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Montana cities weigh options after Supreme Court homelessness ruling

Unhoused people sleeping in Depot Park in downtown Kalispell, MT, August 1, 2023. A pedestrian walks past, wearing headphones and looking at his phone.
Aaron Bolton
Unhoused people sleeping in Depot Park in downtown Kalispell, MT, August 1, 2023.

The U.S. Supreme Court overturned a ruling on Friday that prevented cities from fining or jailing unhoused people for sleeping in public if the city didn’t have another option for them.

The ruling overturned a 2018 decision from the Ninth Circuit Court of Appeals.

Cities in nine western states, including Montana, can now restrict people from camping or sleeping in public spaces even if they don’t have a bed at a shelter or another place to send them to.

Tonya Horn is the executive director of the Flathead Warming Center in Kalispell.

“It’s a misguided idea that eliminating where people can go will just make them go away, it’s not true,” said Horn

Kalispell last year passed ordinances that restricted people from putting up tents or other structures in public parks. Advocates worry cities could go even further by criminalizing sleeping or camping anywhere in public. David Carlson is the CEO of Disability Rights Montana.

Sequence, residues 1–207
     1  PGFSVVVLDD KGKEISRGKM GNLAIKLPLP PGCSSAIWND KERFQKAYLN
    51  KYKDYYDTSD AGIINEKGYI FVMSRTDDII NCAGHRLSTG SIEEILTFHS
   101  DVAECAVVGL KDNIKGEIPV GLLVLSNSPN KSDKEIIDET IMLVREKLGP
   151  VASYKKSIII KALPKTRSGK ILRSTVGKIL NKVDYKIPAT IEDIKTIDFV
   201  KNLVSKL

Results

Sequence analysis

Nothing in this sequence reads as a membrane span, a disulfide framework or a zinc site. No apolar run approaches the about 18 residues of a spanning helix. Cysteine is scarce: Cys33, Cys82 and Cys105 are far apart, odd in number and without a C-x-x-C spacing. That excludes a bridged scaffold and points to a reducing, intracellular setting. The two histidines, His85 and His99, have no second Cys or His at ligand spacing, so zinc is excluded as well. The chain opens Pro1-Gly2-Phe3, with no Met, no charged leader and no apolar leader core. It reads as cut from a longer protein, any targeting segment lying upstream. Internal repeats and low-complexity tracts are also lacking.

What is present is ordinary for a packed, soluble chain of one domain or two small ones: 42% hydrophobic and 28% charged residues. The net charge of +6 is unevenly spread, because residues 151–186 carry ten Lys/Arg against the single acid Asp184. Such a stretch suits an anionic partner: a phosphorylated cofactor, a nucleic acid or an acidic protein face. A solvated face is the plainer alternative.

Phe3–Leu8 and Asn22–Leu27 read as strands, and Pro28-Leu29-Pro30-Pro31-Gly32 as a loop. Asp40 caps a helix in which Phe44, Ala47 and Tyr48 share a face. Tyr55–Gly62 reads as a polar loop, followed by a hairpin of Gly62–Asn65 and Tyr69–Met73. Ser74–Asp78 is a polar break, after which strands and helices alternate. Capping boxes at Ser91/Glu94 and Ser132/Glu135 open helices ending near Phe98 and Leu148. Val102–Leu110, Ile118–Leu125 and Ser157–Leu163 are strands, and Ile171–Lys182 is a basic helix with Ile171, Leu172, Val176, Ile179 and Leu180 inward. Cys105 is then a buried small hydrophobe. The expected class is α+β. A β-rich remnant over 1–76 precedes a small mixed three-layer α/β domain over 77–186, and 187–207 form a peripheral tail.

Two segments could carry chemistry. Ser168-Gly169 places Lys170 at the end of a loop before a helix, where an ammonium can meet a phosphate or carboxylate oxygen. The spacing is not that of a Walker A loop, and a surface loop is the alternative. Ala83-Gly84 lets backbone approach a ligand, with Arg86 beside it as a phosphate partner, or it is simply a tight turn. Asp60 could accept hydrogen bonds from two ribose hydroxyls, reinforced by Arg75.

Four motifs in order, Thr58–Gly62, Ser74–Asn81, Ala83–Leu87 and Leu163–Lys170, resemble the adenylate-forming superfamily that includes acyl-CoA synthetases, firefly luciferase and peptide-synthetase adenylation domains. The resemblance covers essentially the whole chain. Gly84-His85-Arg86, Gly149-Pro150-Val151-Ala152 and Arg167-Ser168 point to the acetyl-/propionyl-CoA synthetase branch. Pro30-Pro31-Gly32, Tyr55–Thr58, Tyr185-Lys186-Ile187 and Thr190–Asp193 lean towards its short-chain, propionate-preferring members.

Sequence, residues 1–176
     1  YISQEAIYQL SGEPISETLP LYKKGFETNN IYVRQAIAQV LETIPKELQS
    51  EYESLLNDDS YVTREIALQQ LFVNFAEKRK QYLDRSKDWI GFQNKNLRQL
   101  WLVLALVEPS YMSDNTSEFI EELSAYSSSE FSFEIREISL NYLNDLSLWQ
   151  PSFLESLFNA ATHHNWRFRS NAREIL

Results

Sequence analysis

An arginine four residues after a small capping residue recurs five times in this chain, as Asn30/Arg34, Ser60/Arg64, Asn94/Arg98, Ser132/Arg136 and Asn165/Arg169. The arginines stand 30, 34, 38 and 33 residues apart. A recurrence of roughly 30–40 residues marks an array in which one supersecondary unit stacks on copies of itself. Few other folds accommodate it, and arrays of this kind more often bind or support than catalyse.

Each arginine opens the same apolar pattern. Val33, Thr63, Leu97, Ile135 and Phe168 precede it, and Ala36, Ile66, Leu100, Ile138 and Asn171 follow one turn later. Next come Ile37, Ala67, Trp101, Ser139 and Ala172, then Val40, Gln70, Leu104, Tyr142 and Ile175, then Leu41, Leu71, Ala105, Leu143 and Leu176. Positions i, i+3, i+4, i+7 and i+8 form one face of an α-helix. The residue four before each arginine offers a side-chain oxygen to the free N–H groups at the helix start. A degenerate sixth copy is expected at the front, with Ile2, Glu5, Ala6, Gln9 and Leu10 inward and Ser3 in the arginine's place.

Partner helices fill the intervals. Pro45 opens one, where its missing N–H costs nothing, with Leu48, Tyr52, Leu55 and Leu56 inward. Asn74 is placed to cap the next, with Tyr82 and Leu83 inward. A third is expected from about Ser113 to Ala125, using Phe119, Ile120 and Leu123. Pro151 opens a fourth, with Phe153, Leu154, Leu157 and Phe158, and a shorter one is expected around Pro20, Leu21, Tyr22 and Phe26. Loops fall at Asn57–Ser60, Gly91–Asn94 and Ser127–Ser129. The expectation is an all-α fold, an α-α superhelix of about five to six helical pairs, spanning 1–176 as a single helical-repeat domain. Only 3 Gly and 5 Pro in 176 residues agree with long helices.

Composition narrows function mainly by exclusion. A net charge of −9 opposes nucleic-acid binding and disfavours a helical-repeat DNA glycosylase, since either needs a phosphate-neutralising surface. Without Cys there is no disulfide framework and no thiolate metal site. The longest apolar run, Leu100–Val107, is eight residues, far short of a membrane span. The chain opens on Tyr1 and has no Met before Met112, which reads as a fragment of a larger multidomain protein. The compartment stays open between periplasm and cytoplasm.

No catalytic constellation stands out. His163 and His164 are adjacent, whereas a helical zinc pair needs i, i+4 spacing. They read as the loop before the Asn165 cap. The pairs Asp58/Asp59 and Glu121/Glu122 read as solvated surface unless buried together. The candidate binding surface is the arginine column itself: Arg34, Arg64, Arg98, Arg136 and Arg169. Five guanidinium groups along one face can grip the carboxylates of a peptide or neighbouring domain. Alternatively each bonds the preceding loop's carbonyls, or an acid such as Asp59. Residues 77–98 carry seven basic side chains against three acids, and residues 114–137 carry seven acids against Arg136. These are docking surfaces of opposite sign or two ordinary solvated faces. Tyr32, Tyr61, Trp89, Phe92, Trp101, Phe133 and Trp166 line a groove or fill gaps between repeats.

“Having a criminal record makes getting a job and getting housing harder, not easier. They just gave the green light to start arresting people,” Carlson said.

It’s unclear what cities might do in response to the ruling. Bozeman’s city council is set to hold a public work session on whether to change its laws, but did not say it would impose more restrictions on sleeping in public.

Head of the Montana League of Cities and Towns Kelly Lynch pushes back against concerns about criminalizing homelessness.

“I’m not hearing from anyone who wants to absolutely kick homeless people out of their community. That’s not a discussion that’s happening in Montana,” said Lynch

Lynch says cities have been leery of regulations on urban camping over fears of litigation. She says this ruling will give cities more flexibility to say when and where people can sleep in public.

But she adds what cities really need is more money to stand up services to help unhoused people get housing.

Aaron graduated from the University of Minnesota School of Journalism in 2015 after interning at Minnesota Public Radio. He landed his first reporting gig in Wrangell, Alaska where he enjoyed the remote Alaskan lifestyle and eventually moved back to the road system as the KBBI News Director in Homer, Alaska. He joined the MTPR team in 2019. Aaron now reports on all things in northwest Montana and statewide health care.
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